• Attempts at fostering greater regional cooperation across Northeast Asia are likely to remain compromised by entrenched political elites and nationalist sentiment for the foreseeable future. This suggests that the 'idea' of regional cooperation is more viable than the development of working institutions

  • The Trans-Pacific Partnership could add billions of dollars to the U.S. economy and solidify Washington's commitment to the Pacific. But if the Obama administration fails to calm critics of the deal, there is a growing possibility that it could collapse

  • Japan is about to replace its nuclear plants with something just as risky

  • Japan is widely regarded as well-prepared for disasters, being used to frequent tsunamis, cyclones, earthquakes and volcanic activity, but a year after the calamitous events of 11 March 2011, the lessons from the multi-disaster still resonate

  • India and Japan have had their historical ups and downs. Now, wariness of China and common interests in the Asia-Pacific region are bringing Japan and India together

  • The United States' central challenge over the next several decades is to revitalize itself, while promoting a larger West and buttressing a complex balance in the East that can accommodate China's rising global status

  • South Korea hopes that the new base will help strengthen its territorial rights on Dokdo as the base would enable its ships to reach the islands quickly

  • Toyota Motor Corp. (TMC) has announced plans to export cars manufactured by its subsidiary in India to South Africa

  • Hackers have attacked the websites of Japanese government offices and Mitsubishi Heavy Industries, where nuclear data was feared stolen

  • The economy of Japan shrank more in the second quarter of the year than government officials initially thought, according to revised government figures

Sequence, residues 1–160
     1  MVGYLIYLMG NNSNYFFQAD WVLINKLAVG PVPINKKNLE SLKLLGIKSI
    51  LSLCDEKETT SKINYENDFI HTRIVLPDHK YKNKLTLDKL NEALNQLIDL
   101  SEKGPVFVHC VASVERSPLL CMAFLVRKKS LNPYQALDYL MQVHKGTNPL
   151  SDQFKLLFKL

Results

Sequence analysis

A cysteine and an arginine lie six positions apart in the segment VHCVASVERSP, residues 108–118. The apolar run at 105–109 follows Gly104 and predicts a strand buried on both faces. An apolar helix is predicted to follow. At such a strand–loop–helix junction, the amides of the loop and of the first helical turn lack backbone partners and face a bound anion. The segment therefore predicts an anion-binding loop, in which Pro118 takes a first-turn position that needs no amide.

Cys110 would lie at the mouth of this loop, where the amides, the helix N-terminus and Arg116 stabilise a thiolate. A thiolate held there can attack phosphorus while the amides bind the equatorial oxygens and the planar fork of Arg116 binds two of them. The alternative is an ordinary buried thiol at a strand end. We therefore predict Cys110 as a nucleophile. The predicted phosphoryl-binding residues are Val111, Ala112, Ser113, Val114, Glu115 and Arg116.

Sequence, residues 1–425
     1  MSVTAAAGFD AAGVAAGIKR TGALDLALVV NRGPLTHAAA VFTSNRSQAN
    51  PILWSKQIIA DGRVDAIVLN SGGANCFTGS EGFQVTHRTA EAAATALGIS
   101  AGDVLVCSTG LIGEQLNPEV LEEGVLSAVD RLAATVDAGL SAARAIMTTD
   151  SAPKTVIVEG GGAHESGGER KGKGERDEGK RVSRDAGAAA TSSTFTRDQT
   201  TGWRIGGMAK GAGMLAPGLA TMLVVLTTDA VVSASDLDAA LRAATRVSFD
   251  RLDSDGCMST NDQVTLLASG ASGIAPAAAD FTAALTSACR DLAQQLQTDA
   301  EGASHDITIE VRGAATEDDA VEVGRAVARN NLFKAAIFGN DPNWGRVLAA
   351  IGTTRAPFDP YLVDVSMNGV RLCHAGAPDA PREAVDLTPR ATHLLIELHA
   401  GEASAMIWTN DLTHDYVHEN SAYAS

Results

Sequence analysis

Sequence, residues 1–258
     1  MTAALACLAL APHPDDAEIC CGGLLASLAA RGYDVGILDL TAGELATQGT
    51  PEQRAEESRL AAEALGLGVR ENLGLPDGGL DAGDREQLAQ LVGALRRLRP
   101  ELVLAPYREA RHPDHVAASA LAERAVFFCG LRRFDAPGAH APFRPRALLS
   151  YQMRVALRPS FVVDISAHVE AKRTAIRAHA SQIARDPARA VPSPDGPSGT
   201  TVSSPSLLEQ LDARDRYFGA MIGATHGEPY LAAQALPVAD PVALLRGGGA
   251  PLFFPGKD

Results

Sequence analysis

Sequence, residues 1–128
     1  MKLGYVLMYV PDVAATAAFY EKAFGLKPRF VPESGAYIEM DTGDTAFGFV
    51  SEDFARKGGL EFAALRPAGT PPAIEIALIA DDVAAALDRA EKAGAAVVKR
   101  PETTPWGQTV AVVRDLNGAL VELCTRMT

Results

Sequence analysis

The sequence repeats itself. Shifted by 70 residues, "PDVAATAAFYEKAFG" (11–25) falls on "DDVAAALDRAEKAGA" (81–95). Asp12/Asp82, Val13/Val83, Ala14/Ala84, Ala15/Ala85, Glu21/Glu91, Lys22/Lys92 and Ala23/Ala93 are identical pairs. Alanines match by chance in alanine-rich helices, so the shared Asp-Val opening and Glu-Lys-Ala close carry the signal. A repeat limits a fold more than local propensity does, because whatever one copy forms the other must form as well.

• The earthquake and tsunami that struck northeastern Japan on March 11, 2011, caused almost unimaginable damage and misery. But some see a silver lining to these dark tragedies. After 20 years of economic stagnation, the crisis could bring the Japanese together, catalyze much-needed reforms, and reverse decades of malaise

  • Risk assessments are supposed to lead to decisions that provide more security. However, after a series of tragic failures such as the nuclear meltdown in Japan, BP's deadly blowout, and the destruction caused following Hurricane Katrina, it is becoming increasingly clear that there are serious problems with our ability to accurately evaluate and mitigate risk. The question is, why?

  • A magnitude 6.7 tremor rocked northern Japan. The quake, which hit the region at 6:51 a.m., had an epicenter near the east coast of Honshu, according to the U.S. Pacific Tsunami Warning Center

  • A massive earthquake measured at magnitude 8.9 struck northeast Japan March 11, the most powerful quake in that country's recorded history, according to the U.S. Geological Survey

  • This is an opportunity to review Washington's strategy is in Korea and how the countries around North Korea (China, Russia, South Korea and Japan) view the region

  • Despite the recent change in North Korea's leadership, it is important that talks resume between North Korea and Japan

  • Diminished nuclear power-generation capability poses serious vulnerabilities to Japan's energy security

  • The presence of American military bases in Japan has been a strong cause of unrest and outspoken frustation